Looking For A Way To Engage Patients In Behavior Change? Try “Storytelling”

[tweetmeme source=”Healthmessaging” only_single=false] My wife had just finished meeting with her medical oncologist for her bi-annual check-up at MD Anderson’s Thoracic Clinic.   We were sitting in an area called “the Park” rehashing what her doctor had said when a mother and her daughter sat down at our table.   There were lots of empty seats in area but for some reason they decided to sit with us.  Call it serendipity.   It turned out that both my wife and Megan (the daughter) had just gotten “good news” from their respective oncologists.

We ended up talking with our new friends for one and a half hours – my wife and the daughter about the travails of cancer (hair loss, uncertainty, and so on) – the mother and I about care giver stuff (insurance authorization, navigating the health system, etc.).  My wife and I always feel so energized after “talking story” with other dealing with the same issues.   You see these “chance meeting” always happen to us….and a lot of other patients as well I suspect.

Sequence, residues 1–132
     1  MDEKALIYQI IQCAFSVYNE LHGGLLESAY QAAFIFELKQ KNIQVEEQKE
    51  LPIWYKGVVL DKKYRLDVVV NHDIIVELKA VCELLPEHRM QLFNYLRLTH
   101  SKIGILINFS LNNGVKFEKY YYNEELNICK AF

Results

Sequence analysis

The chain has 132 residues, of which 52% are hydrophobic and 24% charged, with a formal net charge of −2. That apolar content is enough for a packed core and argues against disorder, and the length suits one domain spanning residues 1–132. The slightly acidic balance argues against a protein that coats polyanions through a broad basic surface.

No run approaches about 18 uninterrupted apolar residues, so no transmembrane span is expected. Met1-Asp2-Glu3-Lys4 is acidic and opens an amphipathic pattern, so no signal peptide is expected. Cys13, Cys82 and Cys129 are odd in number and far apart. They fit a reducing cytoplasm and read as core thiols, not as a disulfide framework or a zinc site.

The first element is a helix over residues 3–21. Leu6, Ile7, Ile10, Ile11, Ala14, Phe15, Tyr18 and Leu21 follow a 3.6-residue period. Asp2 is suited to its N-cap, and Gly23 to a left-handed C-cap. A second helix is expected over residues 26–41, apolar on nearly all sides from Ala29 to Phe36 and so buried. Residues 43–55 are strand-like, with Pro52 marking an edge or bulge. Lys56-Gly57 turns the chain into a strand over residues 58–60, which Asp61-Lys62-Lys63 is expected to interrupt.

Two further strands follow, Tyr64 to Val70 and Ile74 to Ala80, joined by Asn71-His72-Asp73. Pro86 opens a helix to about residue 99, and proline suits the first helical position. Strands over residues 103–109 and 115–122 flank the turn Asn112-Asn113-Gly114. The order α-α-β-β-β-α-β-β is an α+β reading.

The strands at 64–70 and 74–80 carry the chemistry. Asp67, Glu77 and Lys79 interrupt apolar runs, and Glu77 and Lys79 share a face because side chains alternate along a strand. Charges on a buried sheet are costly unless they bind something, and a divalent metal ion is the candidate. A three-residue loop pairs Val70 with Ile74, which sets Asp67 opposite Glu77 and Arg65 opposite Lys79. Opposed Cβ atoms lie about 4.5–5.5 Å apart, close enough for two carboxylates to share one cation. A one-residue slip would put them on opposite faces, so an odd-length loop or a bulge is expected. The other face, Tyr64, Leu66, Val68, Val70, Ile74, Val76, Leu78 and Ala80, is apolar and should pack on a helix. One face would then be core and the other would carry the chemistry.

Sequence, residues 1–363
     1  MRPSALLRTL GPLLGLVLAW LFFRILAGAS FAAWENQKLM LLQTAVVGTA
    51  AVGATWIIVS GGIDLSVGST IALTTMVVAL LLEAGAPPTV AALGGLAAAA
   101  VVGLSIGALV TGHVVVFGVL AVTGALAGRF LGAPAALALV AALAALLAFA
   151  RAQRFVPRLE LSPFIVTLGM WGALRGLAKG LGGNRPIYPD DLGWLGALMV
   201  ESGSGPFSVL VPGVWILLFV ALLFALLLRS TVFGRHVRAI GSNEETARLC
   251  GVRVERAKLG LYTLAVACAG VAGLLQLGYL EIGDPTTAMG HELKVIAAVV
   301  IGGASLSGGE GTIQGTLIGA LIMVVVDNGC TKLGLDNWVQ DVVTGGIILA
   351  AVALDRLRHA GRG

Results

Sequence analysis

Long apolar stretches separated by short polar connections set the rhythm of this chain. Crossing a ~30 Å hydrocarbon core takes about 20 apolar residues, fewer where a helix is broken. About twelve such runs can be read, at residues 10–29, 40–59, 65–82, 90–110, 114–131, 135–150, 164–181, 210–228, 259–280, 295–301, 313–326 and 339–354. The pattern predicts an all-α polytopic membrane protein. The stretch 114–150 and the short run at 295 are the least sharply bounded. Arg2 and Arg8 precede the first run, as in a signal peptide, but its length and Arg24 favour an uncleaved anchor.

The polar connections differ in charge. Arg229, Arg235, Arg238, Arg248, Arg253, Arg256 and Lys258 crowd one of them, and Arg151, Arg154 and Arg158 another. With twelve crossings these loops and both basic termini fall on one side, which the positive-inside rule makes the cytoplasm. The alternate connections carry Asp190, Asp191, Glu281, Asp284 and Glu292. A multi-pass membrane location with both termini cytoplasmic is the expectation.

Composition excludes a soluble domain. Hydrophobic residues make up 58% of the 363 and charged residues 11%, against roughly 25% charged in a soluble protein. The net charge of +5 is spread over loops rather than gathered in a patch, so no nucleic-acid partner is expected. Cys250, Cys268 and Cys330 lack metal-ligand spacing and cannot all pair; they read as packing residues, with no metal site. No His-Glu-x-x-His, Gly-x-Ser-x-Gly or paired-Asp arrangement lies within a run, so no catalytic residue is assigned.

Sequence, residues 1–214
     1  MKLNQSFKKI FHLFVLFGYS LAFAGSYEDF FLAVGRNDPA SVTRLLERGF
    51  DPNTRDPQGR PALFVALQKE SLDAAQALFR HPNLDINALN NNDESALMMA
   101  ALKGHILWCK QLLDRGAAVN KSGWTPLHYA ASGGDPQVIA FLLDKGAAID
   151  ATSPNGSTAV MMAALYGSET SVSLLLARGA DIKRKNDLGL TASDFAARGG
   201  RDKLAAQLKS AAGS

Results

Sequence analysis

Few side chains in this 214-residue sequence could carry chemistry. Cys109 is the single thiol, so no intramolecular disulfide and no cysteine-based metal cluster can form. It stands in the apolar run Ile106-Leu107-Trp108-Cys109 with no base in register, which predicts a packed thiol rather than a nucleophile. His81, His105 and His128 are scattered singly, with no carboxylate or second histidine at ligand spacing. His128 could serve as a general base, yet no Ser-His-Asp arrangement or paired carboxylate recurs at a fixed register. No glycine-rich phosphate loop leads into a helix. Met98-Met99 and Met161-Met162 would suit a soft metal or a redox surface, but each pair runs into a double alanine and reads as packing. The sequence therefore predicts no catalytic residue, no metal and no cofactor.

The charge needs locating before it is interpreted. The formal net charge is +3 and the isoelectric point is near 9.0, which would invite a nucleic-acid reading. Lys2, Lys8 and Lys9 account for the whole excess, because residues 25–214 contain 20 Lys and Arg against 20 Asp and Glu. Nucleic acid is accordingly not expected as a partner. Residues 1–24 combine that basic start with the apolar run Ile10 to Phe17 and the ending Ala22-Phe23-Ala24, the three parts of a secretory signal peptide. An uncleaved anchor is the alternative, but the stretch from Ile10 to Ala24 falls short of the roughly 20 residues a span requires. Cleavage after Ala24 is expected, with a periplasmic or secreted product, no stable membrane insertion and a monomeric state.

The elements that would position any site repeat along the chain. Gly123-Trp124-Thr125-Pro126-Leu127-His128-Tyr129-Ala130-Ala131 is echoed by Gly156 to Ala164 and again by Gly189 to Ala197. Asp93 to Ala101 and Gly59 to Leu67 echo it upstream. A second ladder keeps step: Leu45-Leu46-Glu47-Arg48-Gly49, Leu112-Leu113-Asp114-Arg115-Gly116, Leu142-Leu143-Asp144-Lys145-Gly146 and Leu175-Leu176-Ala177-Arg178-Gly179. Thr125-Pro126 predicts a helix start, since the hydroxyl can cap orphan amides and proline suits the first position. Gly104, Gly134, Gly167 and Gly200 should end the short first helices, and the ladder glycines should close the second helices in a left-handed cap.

Talking Story Hawaiian Style

I have always supposed that there was some “therapeutic benefit” to these chance meetings with other cancer patients.    Turns out I was right according to a recent study of hypertensive patients in the Annals of Internal Medicine.

The study explored the use of culturally-appropriate “storytelling” among a population of inner-city African-Americans (71% women) diagnosed with hypertension.   In the study, an experimental group of patients received a DVD showing “people just like them” talking about their experiences living with high blood pressure.  For example, lessons learned about how to best interact with their physicians, and strategies to increase medication adherence.   A control group received a general introductory DVD on hypertension without the “storytelling.”